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This week's best CD Releases
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It was while catching up with old newspaper cuttings that the Czech composer Leos Janacek chanced upon an ingenious hoax: a series of poems by a "farm labourer" (really a respected poet) who was chronicling his love for – and eventual seduction by – a gypsy girl. The discovery was fortuitous. Although well into late middle age at the time, Janacek was in the throes of a burning infatuation and ripe for composing his Diary of One Who Disappeared. Some 80 years on and the Diary still has the power enthral, stimulate and titillate (ie, when she tempts him to peep "where the sun can't reach"). Years ago, the great Czech tenor Beno Blachut made a wonderful recording of the piece (for Supraphon), but Ian Bostridge's new EMI CD, with Thomas Adès at the piano, is easily the best we've had since then. Bostridge's boyish, slightly awe-struck characterisation of the labourer, allied to Adès seemingly limitless facility for pianistic colouring, holds one spellbound. The mezzo Ruby Philogene is all steam and cunning as the gypsy girl.

If you just want to dip your toe in, try the third song, where Adès's brushed arpeggios are answered by quiet "glow worms" in the treble that are so ethereal you wonder how mere hands and hammers could have conjured them. Bostridge is at his best in the 14th movement, a poem about lost innocence and, as it happens, one of two songs that are also represented on the CD by totally different "earlier versions". The rest of the disc is given over to evocative piano miniatures, one or two of them – such as the 12-second "The Golden Ring" – composed just a couple of days before Janacek died. Others reflect his life-long love of folk music, the 12 variegated Moravian Folksongs (there are no voices involved here) being the most immediately attractive. It's a wonderful CD, compelling proof that when it comes to musical duration, less quite often means more.

But it isn't alone. The pianist Alexandre Tharaud has recorded a disc of Rameau that quashes the "period instrument" argument as successfully as Glenn Gould does for Bach. So often with Rameau's keyboard music ornaments can obscure the musical line, but not here where thematic threads sound clearly within a decorative context. The music itself is extraordinarily rich, especially the Suite in A, with its lofty Allemande, lavishly harmonised Sarabande and cumulatively majestic Gavotte et Doubles. The same CD also includes the Suite in G and ends, interestingly, with Debussy's Hommage à Rameau, warmly expressed and beautifully recorded.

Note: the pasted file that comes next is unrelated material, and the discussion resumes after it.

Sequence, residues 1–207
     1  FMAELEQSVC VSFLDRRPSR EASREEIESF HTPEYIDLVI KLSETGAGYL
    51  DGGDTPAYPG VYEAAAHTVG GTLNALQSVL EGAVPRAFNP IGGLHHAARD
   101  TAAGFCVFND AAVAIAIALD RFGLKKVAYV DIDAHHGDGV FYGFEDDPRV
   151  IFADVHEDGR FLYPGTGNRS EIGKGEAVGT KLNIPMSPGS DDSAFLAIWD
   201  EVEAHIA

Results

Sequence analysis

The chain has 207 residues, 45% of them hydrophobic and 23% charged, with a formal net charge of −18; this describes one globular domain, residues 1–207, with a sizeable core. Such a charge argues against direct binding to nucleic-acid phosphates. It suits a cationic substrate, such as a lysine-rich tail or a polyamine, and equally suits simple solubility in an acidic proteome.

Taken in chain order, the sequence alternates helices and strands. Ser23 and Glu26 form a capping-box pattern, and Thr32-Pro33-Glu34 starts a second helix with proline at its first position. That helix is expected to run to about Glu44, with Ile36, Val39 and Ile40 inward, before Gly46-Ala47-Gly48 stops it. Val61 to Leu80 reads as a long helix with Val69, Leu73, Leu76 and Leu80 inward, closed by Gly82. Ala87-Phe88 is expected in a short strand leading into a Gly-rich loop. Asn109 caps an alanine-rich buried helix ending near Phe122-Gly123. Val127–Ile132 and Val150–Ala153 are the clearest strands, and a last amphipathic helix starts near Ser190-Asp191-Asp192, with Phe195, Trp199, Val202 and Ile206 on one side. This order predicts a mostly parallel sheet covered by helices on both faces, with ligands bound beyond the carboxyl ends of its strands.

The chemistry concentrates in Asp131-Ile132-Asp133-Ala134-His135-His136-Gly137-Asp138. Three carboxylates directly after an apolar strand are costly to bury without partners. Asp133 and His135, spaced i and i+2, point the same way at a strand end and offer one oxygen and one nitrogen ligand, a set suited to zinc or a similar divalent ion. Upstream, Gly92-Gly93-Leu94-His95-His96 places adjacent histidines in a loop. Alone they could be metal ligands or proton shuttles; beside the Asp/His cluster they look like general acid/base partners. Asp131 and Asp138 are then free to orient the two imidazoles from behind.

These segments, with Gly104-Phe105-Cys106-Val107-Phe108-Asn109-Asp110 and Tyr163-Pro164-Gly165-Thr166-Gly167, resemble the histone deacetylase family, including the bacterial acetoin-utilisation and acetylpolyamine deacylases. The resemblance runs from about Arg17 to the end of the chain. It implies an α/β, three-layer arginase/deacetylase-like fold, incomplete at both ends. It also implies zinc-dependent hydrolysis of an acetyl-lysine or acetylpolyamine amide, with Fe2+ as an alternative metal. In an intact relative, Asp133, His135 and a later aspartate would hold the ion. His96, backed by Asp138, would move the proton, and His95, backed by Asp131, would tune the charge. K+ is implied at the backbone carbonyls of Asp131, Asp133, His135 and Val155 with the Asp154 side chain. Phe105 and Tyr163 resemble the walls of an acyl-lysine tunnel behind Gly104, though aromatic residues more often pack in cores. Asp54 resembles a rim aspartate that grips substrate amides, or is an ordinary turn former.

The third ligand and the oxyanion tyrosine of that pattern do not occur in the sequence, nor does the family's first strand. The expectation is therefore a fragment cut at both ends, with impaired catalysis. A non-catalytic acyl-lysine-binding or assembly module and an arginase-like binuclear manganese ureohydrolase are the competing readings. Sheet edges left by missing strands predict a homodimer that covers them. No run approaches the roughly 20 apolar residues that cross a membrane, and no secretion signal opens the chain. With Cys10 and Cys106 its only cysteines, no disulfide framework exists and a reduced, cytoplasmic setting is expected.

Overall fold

Old and new are again juxtaposed for Joanna MacGregor's CD Play, where boogie preludes Piazzolla who in turn gives way to Byrd then Ligeti, who bows out for Somei Satoh, and so on. And there are the discoveries: Moses Taiwa Molelekwa with MacGregor playing live; Ivana Ognjanovic's ambitious, electro-acoustical sound picture of a large ship in transit (with voices "from the bottom of the sea"); and the collaborative Endgame with Yalvin Singh (on tablas). This is no facile "gimmick-fest" but a genuine creative journey, with each piece carefully tapped into context, always aware of the key, texture and tempo it's following on from, and where it's heading. Half the fun – and much of the nourishment – of the programme is in the ideas it hatches for similar ventures. Hopefully, Joanna MacGregor already has plenty of those up her sleeve.

Janacek: 'The Diary of One Who Disappeared'/Various solo piano works – Ian Bostridge, Ruby Philogene, Thomas Adès (EMI CDC5 57219 2)

Rameau, Debussy – Alexandre Tharaud (Harmonia Mundi HMC 901754)

Joanna MacGregor: 'Play' (Sound Circus SC007)

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